He Sure Ain't No George Washington
I sighed, inwardly. I hated it when he called me "Ma". It made me feel like I should weigh about 270 pounds, dress in rough homespun, and be driving a team of mules with my large, work-reddened hands.
"What are you doing?"
"I be good."
Hmmm. Doubtful. Being good was never that quiet, so I left the dishes where they were and dried my hands on a towel as I made the journey up the stairs to the playroom.
When I arrived he was kneeling on the train table, his back to me. At the sound of my steps he turned around and held up a puzzle piece with a gigantic, toothy smile. "See, Ma? Good. Be good."
Huh, whattya know. He was being good.
"You doing a puzzle, Squid?"
His smile grew even wider, his blue eyes innocent. "Yeah, Ma!"
"Yes, Mama," I corrected.
"Yeah, Ma!" he repeated.
"Alright, you keep being good then." I went backstairs to finish cleaning up the oatmeal they'd splattered everywhere during breakfast. Five or ten minutes passed, with him still silently doing puzzles upstairs. I called up occasionally, to make sure he was still alive.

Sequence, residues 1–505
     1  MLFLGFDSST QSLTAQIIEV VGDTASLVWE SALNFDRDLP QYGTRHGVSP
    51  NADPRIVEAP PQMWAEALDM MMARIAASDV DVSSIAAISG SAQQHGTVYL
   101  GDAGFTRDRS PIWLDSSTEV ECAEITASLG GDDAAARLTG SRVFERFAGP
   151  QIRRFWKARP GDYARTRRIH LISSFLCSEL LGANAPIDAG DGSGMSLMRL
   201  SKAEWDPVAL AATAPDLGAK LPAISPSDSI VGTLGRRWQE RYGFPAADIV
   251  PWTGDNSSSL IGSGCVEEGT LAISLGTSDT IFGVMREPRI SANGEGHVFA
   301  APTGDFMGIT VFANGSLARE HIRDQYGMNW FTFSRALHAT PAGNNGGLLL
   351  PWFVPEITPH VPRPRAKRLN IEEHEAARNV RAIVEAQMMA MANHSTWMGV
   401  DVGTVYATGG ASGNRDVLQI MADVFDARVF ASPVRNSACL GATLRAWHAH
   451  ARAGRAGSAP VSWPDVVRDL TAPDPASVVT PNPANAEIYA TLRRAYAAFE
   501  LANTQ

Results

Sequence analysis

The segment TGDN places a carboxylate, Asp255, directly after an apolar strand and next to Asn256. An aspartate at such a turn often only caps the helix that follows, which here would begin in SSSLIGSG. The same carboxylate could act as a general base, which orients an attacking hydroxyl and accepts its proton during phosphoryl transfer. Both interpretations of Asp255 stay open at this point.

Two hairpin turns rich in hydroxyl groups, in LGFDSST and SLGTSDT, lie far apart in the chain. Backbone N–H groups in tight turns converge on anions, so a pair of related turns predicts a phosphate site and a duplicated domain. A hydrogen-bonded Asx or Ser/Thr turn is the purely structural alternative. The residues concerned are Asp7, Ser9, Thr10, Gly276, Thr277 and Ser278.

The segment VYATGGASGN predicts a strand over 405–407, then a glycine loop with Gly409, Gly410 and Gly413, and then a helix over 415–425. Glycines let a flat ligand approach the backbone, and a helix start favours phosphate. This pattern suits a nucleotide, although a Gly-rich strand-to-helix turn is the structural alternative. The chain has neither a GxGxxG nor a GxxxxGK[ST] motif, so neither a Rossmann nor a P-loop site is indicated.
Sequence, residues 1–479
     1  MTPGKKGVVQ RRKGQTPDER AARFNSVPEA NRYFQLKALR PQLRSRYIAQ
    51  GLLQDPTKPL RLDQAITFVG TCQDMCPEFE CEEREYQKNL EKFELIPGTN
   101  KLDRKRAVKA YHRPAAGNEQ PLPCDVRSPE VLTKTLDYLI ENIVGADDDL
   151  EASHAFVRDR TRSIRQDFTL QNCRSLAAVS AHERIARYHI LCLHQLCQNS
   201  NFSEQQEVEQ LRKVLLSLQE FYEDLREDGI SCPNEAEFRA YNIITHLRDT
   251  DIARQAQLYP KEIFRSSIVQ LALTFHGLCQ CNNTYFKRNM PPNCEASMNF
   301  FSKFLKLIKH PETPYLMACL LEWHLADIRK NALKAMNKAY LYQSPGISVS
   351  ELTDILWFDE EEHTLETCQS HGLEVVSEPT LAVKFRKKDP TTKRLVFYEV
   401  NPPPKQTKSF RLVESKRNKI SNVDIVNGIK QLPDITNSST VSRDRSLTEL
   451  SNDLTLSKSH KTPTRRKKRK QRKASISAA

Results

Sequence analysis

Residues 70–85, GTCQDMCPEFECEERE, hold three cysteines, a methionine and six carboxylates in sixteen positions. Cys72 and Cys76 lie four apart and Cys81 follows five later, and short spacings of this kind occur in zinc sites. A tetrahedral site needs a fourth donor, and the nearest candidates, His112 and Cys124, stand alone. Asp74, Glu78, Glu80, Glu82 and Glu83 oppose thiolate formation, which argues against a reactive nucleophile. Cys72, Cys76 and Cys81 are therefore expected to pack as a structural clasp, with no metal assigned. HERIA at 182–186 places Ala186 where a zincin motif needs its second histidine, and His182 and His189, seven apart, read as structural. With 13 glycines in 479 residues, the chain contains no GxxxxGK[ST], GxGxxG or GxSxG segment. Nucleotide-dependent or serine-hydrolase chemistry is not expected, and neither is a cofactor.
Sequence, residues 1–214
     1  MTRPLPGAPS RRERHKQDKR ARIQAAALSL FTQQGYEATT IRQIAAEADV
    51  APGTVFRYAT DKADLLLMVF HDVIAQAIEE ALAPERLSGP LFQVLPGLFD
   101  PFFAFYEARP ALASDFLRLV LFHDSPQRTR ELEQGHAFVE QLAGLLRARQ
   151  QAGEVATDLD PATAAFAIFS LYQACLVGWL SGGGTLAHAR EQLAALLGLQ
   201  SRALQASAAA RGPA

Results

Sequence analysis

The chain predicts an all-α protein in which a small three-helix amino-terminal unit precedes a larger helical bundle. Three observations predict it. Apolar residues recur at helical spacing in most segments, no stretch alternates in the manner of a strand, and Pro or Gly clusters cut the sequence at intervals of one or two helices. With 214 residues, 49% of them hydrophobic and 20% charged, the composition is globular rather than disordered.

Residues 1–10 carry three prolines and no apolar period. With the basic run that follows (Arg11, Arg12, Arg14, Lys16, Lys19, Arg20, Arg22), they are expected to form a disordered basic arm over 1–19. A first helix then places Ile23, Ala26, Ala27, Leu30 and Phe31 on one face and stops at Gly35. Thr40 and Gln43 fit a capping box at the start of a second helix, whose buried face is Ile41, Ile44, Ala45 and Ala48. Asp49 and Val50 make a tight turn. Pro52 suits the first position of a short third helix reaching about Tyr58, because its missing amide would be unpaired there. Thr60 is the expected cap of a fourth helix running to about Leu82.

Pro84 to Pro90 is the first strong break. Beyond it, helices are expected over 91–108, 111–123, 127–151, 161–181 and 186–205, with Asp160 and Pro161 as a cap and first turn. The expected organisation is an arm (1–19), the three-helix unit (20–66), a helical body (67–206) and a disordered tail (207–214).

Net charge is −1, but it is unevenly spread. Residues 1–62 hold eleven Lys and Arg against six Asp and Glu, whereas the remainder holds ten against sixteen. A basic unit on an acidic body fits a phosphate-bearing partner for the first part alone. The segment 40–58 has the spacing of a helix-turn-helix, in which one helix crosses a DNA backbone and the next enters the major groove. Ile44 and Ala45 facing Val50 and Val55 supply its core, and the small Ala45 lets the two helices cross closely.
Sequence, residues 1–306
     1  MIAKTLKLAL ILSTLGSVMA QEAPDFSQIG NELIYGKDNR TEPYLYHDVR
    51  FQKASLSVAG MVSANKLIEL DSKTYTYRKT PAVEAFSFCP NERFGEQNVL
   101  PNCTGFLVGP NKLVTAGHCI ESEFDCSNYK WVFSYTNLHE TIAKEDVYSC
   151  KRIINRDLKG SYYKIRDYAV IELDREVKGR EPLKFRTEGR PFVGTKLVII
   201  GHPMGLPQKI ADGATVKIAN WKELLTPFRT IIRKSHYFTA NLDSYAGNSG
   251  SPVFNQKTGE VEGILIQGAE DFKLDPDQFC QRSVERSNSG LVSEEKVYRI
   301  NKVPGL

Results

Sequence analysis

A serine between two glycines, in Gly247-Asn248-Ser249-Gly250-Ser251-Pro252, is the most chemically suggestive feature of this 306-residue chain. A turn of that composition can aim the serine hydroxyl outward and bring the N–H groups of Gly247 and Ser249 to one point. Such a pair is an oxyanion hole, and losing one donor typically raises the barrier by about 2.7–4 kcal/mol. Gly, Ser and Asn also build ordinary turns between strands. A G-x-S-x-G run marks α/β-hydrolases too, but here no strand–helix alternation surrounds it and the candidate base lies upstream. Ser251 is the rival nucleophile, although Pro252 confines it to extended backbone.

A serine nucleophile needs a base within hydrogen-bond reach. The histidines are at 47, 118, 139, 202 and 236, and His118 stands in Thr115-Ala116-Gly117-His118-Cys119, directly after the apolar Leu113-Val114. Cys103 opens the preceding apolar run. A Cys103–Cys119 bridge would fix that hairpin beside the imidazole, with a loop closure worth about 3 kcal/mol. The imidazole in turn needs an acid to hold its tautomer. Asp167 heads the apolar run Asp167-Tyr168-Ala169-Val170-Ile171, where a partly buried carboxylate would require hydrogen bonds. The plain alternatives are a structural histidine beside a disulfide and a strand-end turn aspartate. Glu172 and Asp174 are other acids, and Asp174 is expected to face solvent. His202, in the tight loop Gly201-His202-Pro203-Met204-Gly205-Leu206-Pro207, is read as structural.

"Are you being good, Squid?"
"Be good!" he'd chirp back, in a happy tone.
Was it possible my almost two year old was some kind of child genius who could entertain himself quietly for 20 minutes straight, without moving, playing with a puzzle that was designed for 5 year olds?
My mom-senses tingling, I made my way to the playroom again. Squid turned around at my approach, and held up the puzzle piece.
"See, Ma? Be good." Smiling, he waved the puzzle piece at me.... in an attempt to distract me as he hunched his body forward, hiding something. I took a few steps to the side... and saw the 5 pound bag of brown sugar he'd stolen from the countertop.
"SQUID! DID YOU GET INTO THE SUGAR AGAIN?" I stared down at him, at his sugar-encrusted face and hands, and at the open bag between his knees.
He looked back up at me, blue eyes large, and shook his head.
"No, Ma. No. DagonMokey di' it."
Awesome. Not even two years old and he already knows the fine art of lying.
Whoever says they like little kids because they're "so honest and forthright" sure hasn't spent a lot of time hanging around them.
"No. No, Ma. I no peacup buttah. No eat. Nope.")